“In Vino Veritas” – The History of Wine and its uses

        Our story begins in ancient times, 6000 years B.C., in the territory of modern-day Georgia. Someone mistakenly left a certain amount of grapes lying in the sun, causing it to spontaneously ferment and produce liquid, which is now considered to be the forerunner of what we now know as ‘wine’.

        This divine drink is certainly one of the oldest examples of produce from early civilisation that has been unearthed. The Ancient Egyptians first recognised the importance of recording the geographic origin of wines, doing so by labelling their containers. In Ancient Greece, wine was viewed as a powerful elixir with many myths and legends being told of its power, and numerous festivities were performed in honour of Dionysus, the Greek God of the grape harvest, winemaking and wine.

        By the Roman era, there was a mass cultivation of vineyards across Europe, encouraged by their enhanced knowledge of grape diseases and recognition of the qualities of the various grape varieties. During the Middle Ages, the monks and religious leaders took note of the importance of wine, and therefore assigned it more of a religious significance. But by far the largest contribution to the wine industry was the widespread use of the glass bottle in 1622, which thereby enabled mass production and distribution of the wine without spoiling. As a result, wine is enjoyed today in all parts of the globe.

        In our Modern era, wine has played a major role. Many artists have found inspiration through it, and sought refuge in it. Wine has been instrumental to their lives as they have relied upon it to clear their minds of the distractions of life, achieving a state of peace and serenity through which they accomplish their most exquisite works, and are thereby indebted to it. It is said that “Wine is the Sun poured into a glass, and the glass is the last robe of the wine on its journey to our senses.” 

        Alexander Fleming, the world-famous scientist and inventor of Penicillin, once said “It is true that Penicillin cures people, but it is wine that makes them happy.” Mihajlo Pupin, Serbian Physicist and Chemist and founder member of what later became NASA, said “Wine should be integrated into our meals, as a diamond is integrated into a ring.” One humourous remark says “One drinks wine with one’s spirit, and beer with one’s stomach.”

        The art of corresponding a wine to a food is a great one, and one which many would say does not have strict rule. Indeed this is true, for it is said ‘de gustibus non est disputandum’ (in matters of taste, there can be no disputes). Nevertheless, we would like to present you with a few suggestions of combinations.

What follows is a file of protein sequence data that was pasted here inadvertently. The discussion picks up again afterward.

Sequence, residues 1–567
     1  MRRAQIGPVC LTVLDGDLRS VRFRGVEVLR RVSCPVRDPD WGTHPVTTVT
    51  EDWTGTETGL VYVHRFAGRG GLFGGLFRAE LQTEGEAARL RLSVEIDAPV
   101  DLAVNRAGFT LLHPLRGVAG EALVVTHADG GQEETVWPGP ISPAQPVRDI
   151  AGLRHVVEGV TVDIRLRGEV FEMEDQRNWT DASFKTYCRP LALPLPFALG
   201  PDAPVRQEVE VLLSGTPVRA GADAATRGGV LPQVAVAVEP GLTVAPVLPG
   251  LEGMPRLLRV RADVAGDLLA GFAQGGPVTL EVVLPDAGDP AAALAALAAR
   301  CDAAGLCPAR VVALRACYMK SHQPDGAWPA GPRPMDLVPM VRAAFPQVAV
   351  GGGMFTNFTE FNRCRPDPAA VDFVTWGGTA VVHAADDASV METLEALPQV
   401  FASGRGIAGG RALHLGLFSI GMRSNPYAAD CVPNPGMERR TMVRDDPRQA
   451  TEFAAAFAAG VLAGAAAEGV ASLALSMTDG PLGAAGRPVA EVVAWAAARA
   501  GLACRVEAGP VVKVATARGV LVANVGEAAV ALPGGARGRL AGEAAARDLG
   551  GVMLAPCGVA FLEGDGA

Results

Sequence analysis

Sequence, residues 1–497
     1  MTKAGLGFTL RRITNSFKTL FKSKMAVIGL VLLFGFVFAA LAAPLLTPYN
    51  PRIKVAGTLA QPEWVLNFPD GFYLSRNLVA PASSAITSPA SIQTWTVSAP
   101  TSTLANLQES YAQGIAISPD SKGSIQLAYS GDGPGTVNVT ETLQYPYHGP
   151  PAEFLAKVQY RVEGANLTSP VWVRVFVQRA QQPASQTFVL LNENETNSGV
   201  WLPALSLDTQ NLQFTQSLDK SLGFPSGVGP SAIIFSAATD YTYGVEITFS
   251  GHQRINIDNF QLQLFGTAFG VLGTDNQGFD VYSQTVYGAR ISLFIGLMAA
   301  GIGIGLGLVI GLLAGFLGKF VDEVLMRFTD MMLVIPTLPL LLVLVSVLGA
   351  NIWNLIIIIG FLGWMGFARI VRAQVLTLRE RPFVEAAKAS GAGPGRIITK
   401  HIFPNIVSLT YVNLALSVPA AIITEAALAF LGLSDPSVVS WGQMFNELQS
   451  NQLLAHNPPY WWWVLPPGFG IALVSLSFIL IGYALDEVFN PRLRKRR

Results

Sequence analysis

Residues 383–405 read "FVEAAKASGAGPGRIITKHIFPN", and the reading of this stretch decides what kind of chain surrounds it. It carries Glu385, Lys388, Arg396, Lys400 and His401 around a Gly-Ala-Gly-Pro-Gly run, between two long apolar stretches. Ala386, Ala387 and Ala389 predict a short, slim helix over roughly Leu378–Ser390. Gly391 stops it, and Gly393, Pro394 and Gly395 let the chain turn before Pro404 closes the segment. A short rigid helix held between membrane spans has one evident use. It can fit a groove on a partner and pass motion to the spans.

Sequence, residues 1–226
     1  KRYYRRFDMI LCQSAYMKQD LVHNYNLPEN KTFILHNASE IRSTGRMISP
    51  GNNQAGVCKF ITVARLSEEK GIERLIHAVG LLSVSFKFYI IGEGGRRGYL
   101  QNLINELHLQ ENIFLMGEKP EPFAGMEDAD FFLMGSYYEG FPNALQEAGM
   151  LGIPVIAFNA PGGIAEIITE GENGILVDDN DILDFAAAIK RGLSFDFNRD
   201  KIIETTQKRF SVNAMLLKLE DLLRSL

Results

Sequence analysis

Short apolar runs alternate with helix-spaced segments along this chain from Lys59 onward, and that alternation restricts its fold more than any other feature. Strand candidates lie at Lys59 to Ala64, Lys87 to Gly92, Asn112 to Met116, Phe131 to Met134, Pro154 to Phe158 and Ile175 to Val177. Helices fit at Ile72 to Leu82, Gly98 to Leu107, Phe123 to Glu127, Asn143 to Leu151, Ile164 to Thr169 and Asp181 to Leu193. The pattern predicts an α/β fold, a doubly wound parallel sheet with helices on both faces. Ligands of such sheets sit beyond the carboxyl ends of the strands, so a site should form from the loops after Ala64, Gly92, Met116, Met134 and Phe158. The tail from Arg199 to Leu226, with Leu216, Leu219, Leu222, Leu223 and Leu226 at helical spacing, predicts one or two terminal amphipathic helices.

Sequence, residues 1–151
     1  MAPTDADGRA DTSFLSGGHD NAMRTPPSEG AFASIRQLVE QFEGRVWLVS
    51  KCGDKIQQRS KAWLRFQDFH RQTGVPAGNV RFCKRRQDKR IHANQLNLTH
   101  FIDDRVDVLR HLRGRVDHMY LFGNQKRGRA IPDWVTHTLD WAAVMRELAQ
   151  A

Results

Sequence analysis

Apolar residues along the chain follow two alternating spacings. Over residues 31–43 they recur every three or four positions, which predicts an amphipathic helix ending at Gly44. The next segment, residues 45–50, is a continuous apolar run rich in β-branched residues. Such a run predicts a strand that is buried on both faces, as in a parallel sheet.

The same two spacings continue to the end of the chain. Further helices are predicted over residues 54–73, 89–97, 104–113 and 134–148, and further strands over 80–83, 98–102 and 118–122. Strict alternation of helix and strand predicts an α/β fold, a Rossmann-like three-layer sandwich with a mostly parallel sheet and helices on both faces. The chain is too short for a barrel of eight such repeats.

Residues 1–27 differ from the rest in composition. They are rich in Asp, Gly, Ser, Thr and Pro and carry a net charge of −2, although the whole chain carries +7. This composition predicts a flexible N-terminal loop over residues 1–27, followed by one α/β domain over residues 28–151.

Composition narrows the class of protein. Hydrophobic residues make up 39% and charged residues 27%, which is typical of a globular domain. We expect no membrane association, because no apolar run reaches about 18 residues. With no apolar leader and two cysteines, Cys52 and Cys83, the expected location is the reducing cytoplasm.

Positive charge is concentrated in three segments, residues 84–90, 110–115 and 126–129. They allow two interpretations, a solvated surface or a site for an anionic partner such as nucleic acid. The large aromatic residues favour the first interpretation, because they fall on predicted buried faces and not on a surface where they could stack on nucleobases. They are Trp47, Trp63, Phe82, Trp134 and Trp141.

Wines can be chosen to suit the food, or vice versa. However, the wine should be an accompaniment to the food and not simply can after-thought. The basic rule in wine consummation is, first, to completely swallow a mouthful of the food and then to take a sip of wine. It is not beneficial to partake of the wine whilst chewing the food, as it would only serve to act as a spice to the food. 

         Examples of successful tried-and-tested wine combinations include:

  • Strong, flavourful meats, especially game, are best accompanied by strong red wines, well-aged, which are rich in tannins with a bitter tone. The aroma of such wines is more conspicious if cooled to a temperature of 15-17 ºC – therefore, to achieve the rich aroma required, the wine should be allowed to warm slightly
  • Cabernet Sauvignon is well suited to warm Lamb, as are all strong, matured wines of the Bordeaux variety
  • Appetisers, Chicken dishes and Mediterranean meals rich in creamy sauces are finely complemented by a mild, swaying white wine
  • In general, Mushroom dishes are best served with a red wine variety
  • In some cases, flavour combinations can contrast rather that complement each other to achieve a successful result. For example, Salmon served in a Hollandaise Sauce may conventionally be accompanied by a creamy Chardonnay of similar flavour profile, whereas a Riesling from Germany would provide a refreshing taste contrast for the palate
  • Dessert wines are usually served with desserts.

        Wine is often viewed as a potent aphrodisiac and finds an integral role in the search for romance. So we invite you to immerse yourself in the art form that is wine. Experiment with flavour combinations, seek new and exciting ways to enjoy its splendour. And yet, there is but one rule to this art to which you must alway abide – Provide your senses with a complete indulgence.

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Enjoy the splendour of this intoxicating elixir at our Little Bay restaurants, which pride themselves of their wide ranges of White, Red and Rose wines, as well as a selection of Sparkling Wines and Champagnes. Do visit us and experiment with your tastebuds! – www.littlebay.co.uk

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